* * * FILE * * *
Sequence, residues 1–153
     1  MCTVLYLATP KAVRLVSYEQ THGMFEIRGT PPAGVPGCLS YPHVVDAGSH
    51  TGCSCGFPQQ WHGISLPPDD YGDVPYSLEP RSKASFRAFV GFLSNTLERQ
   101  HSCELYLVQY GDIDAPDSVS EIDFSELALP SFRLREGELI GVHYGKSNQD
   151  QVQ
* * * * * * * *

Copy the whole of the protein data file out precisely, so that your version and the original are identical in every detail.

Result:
Sequence, residues 1–153
     1  MCTVLYLATP KAVRLVSYEQ THGMFEIRGT PPAGVPGCLS YPHVVDAGSH
    51  TGCSCGFPQQ WHGISLPPDD YGDVPYSLEP RSKASFRAFV GFLSNTLERQ
   101  HSCELYLVQY GDIDAPDSVS EIDFSELALP SFRLREGELI GVHYGKSNQD
   151  QVQ